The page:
A huge part of this art of building a museum of memories is dealing creatively with teachable moments that come unexpected and unannounced.  What will you do now?  They are watching.  You just blew it.  Will you apologize?  Will you ask for forgiveness?  A loved one dies.  Will you let your emotions be seen?  Will you call up those memories that you’ve been carrying around, whether they bring laughter or tears?  Someone treats you unfairly.  How will you deal with that?  Something valuable gets broken.  Can you forgive?

One of my clearest memories is talking to my dad on the telephone after I had thrown a baseball through our basement window.  I didn’t mean to.  I was aiming about three inches below the window sill.  But my fastball was a little high and the window shattered.  It was a big window.  My mom told me I would have to tell my dad.  I called him at work.  I told him I had just done something terrible.  I told him what it was.  His first words were, “Is that all?”  I wasn’t expecting that. I’ll never forget that.  That moment is filed in my museum of memories under a sign that reads, “Grace”.

How do we respond at those moments when our response, whatever it is, will be remembered a long, long time?  Some memories we can plan, others we can’t, some are good memories, others are not, but taken together these memories are a big part of who we are today.  They are a big part of our root system that keeps us grounded and, paradoxically, makes it possible for us to fly.

May I share with you my memory of my dad’s last day on earth?  Will you forgive one more personal reference?

We never got that warning that my dad’s death was imminent.  We knew he was dying, but even the medical people were telling us to expect the dying process to take awhile.  He died on Sunday, a week ago.  We had hospice scheduled for Monday.  I was fully expecting that I would have to line up someone else to preach for me today.  I thought we were in for a long haul.

Here’s how it happened.  It was so beautiful.  My mom woke me up at 1 am.  She didn’t like how my dad was struggling to breathe.  So she slept on the couch and I slept with him.  He settled down and seemed to be doing fine.  At 5 am we traded places.  My mom and I went to church together.  My sister was going to stay with my dad and the home health nurse who was coming in at 9 am.  At 9 am the home health nurse called to tell us she was sick and couldn’t come in.  We learned no one was available until 6 pm.  We didn’t like that news one bit.  We had not handled by ourselves the procedures the nurses had taken care of.  But now it was up to us.  We figured it out.  We spent the day taking care of my dad.  Just family.  All three children, one grandchild, and my mom.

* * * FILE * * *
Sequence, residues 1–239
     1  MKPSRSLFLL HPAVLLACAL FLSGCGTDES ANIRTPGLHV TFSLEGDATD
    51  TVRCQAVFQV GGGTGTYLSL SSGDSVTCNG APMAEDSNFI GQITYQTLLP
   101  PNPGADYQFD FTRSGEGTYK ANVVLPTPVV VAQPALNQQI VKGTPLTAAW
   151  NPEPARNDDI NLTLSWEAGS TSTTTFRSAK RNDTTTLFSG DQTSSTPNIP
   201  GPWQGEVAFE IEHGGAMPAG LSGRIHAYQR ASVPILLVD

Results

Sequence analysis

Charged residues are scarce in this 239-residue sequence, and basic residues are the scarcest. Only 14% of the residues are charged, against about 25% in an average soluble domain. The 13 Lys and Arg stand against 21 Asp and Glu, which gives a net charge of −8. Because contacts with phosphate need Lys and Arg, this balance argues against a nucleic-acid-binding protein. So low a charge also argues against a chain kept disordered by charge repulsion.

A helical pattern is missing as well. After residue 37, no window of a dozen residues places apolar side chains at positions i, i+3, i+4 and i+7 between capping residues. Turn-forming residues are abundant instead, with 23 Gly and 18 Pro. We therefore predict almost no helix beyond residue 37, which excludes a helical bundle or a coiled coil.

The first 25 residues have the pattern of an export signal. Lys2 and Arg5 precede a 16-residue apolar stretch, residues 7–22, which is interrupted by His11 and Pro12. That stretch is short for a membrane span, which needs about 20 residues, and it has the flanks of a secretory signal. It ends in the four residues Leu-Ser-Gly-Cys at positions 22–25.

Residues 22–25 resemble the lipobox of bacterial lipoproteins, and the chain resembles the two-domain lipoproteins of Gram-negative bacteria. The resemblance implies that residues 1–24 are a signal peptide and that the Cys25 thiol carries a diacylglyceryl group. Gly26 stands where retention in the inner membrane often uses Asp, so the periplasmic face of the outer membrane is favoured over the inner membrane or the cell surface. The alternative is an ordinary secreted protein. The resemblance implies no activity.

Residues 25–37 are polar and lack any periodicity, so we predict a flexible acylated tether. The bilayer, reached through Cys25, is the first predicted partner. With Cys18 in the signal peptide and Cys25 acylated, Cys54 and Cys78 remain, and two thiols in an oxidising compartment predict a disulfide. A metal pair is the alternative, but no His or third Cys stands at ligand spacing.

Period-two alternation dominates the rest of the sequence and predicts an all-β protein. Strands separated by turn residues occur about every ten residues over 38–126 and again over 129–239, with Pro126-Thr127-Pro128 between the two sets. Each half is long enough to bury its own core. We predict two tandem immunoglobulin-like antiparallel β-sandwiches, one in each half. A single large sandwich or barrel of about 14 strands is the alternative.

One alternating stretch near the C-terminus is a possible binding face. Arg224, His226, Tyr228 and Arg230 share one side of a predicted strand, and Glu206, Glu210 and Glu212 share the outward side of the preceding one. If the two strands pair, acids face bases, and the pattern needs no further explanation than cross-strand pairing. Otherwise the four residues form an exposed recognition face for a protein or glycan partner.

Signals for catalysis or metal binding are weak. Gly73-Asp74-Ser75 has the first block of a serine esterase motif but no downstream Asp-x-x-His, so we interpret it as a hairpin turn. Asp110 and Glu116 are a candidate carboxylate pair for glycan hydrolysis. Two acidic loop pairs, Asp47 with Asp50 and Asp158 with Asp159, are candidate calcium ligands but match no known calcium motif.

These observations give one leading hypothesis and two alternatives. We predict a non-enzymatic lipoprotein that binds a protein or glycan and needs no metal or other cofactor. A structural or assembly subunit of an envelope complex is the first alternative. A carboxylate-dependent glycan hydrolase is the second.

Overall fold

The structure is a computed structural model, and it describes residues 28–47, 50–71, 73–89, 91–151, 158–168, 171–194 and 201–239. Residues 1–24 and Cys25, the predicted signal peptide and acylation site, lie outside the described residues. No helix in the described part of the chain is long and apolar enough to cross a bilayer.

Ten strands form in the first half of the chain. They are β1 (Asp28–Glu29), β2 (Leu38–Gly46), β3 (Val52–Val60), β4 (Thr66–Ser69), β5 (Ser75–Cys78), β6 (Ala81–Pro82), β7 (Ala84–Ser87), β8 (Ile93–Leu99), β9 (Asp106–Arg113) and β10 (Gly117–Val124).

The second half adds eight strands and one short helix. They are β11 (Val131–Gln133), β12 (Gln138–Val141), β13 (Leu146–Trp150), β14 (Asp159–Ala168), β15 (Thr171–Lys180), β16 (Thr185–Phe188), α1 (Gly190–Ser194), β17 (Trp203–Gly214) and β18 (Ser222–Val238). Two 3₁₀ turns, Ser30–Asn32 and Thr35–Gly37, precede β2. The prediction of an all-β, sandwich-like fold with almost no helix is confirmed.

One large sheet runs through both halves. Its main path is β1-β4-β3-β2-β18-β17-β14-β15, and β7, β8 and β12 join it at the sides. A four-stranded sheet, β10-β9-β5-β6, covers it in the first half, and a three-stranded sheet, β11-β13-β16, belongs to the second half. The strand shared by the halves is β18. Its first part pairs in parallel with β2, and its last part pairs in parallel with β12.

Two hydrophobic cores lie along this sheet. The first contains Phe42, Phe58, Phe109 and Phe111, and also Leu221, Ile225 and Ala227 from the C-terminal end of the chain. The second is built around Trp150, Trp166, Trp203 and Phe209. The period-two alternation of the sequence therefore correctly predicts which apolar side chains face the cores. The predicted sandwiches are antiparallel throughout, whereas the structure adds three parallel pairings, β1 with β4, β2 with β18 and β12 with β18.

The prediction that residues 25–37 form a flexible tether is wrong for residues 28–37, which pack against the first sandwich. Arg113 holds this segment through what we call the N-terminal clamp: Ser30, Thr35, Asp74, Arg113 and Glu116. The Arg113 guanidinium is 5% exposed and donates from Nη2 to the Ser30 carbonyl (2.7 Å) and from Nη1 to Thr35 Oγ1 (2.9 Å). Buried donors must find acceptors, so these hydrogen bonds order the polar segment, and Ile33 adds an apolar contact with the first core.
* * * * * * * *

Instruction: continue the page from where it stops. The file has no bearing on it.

We were playing his favorite music.  “Sons of the Pioneers”.  He always liked them.  I played a recording of a concert our oldest, Kelsey sang in about 10 years ago.  The last song begins like this:  “If anybody asks you, where I’m going, where I’m going, soon.  I’m going up a yonder, to be with my Lord.”  I was crying through that whole song.  Then I put on Handel’s “Messiah”.  I heard “For Unto Us a Son is Given”.  I remembered my dad telling me he played that when he got home from the hospital the day I was born.

My brother made sure our dad knew we were all with him.  He was resting so peacefully.  Then I noticed it seemed a little too peaceful.  I put my fingers by his mouth.  I felt for his pulse.  There was nothing.  I looked at my watch.  It was 6 pm.  Right when the home health nurse was scheduled to arrive.  Right when we would no longer have our dad all to ourselves.

We chose not to call the funeral home for awhile.  We were in no hurry.  We got him dressed.  We got him ready.  We all got to kiss him good bye.  We were so lucky.  Every day we shared him we were so lucky, including his last.  My family now has another cherished display in our museum of memories.

Gracious God, our Father, our Mother, you whose perfect love we seek to imitate in our imperfect ways, we ask your blessing upon our families.  We believe that the simple day-to-day happenings in our families have far greater lasting impact that we can even imagine.  O God, may our families be places where you are exalted and where, with your help and your forgiveness, in our stumbling ways, we can grow unto your likeness, until that day that is our last day on this earth, and our first day in heaven, up a yonder, with our Lord.  In his name,  Amen.